In March CEO Nicholas Thompson wrote a note to his Atlantic business-side staff about AI. “The first point I want to make is that we should all be curious. Lean in. Test these things out. We will be getting some company subscriptions to GPT-4… Secondly, I want us to experiment.” Joe Amditis, who has written a publishers ChatGPT guide, said, “If we don’t pay attention to this… we’re going to get tricked ourselves, and we’re going to lose credibility with our audiences.” It’s a lot to navigate right now.
I just looked at an impressive, though a bit impersonal, video posted on LinkedIn by Jeremiah Owyang. He gave this prompt to AI: “Write a short story, in first person, about a girl moves to the big city, launches a business, overcomes challenges, and finally succeeds. 300 words.”
He then spent a brief time selecting video clips and music. “I wrote zero of the script. I estimate it would have taken me 20-30 hours to create; it took 15 minutes.”
Reactions ranged from: You can now add to it (drop it into munch or opus, then use Midjourney to create an avatar and ChatGPT for the description); to outrage (“We are going to be flooded with fake human experiences!”); to it’s crazy what we can now do.
Flooded is probably the right word for where we are now in AI-land. At our Editorial Council meeting in April we heard from one editorial director who’s all in on letting AI create stories and another who, for now, is committed just to tasks such as ideating and reading through gobs of text to come up with questions. Others are learning and much more wary of potential accuracy, ethical and bias problems.
(I’m planning for the next Editorial Council meeting to take place on June 22 about editorial uses for AI. Stay tuned.)
Meanwhile, here are five resources that I’ve come across:
Experiment. Join the waiting list for Bard, wrote The Atlantic’s Thompson. Try Poe and Bing. Read about Anthropic. See if you can get human hands to look good in MidJourney five. Learn how to be a good prompt engineer… We’re already trying to use these systems to help tag stories. Next, maybe we can build a bot to help us onboard new subscribers. Maybe we can build a bot that helps guide people to the archives. Maybe we can create a more efficient and personalized recommendation engine…”
A full-on test case. On NiemanLab last week, new staff writer Sophie Culpepper wrote this excellent story: “Can AI help local newsrooms streamline their newsletters? ARLnow tests the waters.” Scott Brodbeck is the founder of Virginia-based media company Local News Now. He already had an automated afternoon newsletter but wanted “a morning email with more voice. [He] began experimenting with a completely automated weekday morning newsletter comprising an AI-written introduction and AI summaries of human-written stories. Using tools like Zapier, Airtable, and RSS, ARLnow can create and send the newsletter without any human intervention.” Now he wants to do a daily update on YouTube and is “experimenting with using AI to look for typos and other errors in newly published articles; categorize articles into positive, neutral and negative buckets for potential social media purposes; and drive a chatbot to help clients write sponsored articles.”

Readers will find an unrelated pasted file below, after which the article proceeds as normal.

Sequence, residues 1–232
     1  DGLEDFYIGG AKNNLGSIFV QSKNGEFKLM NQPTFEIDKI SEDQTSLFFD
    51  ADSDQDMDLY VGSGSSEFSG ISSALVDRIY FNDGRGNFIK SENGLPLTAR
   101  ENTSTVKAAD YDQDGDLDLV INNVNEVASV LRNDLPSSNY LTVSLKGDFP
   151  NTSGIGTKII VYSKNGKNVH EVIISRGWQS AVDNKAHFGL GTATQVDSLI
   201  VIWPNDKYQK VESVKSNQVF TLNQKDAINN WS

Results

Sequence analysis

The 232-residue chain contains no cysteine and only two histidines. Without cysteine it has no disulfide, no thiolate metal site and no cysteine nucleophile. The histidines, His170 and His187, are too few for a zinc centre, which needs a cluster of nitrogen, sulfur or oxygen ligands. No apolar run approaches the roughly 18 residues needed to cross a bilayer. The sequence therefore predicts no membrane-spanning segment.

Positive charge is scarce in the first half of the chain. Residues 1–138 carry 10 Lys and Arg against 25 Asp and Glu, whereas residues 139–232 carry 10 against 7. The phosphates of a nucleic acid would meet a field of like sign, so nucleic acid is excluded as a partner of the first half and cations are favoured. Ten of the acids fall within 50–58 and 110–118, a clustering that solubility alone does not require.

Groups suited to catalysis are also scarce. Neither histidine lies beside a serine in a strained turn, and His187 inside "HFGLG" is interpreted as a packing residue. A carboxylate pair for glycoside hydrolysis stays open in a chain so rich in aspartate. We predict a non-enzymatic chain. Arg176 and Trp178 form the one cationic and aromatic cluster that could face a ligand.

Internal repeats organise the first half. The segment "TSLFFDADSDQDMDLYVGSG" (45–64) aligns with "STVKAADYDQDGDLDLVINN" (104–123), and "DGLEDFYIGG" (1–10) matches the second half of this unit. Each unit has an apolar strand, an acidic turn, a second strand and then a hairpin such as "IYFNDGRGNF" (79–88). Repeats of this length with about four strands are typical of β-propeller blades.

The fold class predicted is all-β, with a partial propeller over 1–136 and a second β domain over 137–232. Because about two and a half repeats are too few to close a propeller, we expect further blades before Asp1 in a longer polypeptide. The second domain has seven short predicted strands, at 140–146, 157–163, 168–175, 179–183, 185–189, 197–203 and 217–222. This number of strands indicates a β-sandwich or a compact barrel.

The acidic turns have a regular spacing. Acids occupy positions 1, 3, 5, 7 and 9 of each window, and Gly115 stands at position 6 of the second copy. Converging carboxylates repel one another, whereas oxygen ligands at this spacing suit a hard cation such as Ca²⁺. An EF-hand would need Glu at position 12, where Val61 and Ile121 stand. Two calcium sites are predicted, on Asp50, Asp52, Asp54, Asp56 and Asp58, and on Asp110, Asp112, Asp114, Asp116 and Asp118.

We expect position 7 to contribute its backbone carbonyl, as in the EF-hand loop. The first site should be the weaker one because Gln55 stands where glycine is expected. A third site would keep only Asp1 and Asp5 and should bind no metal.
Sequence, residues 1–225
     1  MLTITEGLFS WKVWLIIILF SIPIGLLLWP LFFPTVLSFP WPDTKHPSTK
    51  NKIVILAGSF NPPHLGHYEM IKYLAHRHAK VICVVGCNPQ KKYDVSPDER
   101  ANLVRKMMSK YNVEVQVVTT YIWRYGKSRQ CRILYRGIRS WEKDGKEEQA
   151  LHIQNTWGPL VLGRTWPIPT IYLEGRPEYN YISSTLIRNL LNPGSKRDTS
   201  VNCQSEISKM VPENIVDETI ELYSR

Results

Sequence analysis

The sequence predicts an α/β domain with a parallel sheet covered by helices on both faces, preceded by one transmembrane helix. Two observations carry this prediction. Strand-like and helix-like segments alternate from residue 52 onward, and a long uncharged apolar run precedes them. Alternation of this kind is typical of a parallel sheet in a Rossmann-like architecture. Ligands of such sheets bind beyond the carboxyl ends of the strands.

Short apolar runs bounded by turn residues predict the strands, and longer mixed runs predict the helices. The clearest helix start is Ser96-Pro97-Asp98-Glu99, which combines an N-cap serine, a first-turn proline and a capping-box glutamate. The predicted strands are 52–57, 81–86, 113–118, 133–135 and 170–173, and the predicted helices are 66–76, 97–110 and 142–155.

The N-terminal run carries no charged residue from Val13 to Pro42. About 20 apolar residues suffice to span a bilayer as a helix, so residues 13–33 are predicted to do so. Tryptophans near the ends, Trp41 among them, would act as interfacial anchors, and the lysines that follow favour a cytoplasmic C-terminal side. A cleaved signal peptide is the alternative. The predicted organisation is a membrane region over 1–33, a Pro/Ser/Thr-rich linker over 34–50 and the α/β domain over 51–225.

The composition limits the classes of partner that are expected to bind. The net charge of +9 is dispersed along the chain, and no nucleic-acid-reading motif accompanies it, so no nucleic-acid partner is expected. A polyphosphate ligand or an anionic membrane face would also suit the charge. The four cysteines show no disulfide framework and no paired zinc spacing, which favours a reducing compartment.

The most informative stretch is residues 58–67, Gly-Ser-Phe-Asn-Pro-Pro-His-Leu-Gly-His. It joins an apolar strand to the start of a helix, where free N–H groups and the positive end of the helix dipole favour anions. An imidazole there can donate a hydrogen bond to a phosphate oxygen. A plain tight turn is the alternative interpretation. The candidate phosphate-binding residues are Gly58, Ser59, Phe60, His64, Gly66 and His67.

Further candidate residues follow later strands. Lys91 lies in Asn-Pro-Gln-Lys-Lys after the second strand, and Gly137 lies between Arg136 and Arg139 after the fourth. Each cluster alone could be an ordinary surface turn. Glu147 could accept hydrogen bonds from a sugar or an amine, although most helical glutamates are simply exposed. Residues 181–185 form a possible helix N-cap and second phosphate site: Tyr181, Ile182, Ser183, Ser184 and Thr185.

An AI for Editorial handbook. Joe Amditis, an assistant director for products and events at the Center for Cooperative Media at Montclair State University, has put out the “Beginner’s prompt handbook: ChatGPT for local news publishers.” The guide takes users through creating the best prompts; talks technology terms; tells how to clean up transcripts and create outlines to “red-team” your story ideas. It also advises how to use AI as institutional memory for your newsroom. “Picture this,” Amditis writes in an article on Medium. “An AI model trained on your newsroom’s archives and its entire body of work, along with any of the other community- or org-specific reports, information, documentation, and data you can find and upload. By analyzing this vast trove of data, an LLM could identify patterns and connections that might not be immediately apparent to human analysts.”
Hugging Face? Why not. Earlier this month, Team Twipe put out this article: “Navigating the AI Dust Storm: A guide for publishers.” There are full definitions of concepts and tools like Hugging Face, which “allows you to locally download multiple LLM models and provides datasets to train them. It also provides courses and educational materials.” And it had this tidbit: “OpenAI has recently introduced a new function called ‘Code Interpreter’ that allows users to upload and download files such as tables or code and use GPT-4 to evaluate, modify, and save them locally…”
Tests show inconsistency. On The Atlantic site, Ian Bogost wrote this article: “We Programmed ChatGPT Into This Article. It’s Weird. Please don’t embarrass us, robots.” “So I started testing some ideas on ChatGPT (the website) to explore how we might integrate ChatGPT (the API),” he writes. “One idea: a simple search engine that would surface Atlantic stories about a requested topic… In some of my tests, ChatGPT’s responses were coherent, incorporating ideas nimbly. In others, they were hackneyed or incoherent. There’s no telling which variety will appear above. If you refresh the page a few times, you’ll see what I mean.” One thing is for sure, Bogost writes, “You can no longer assume that any of the words you see were created by a human being.”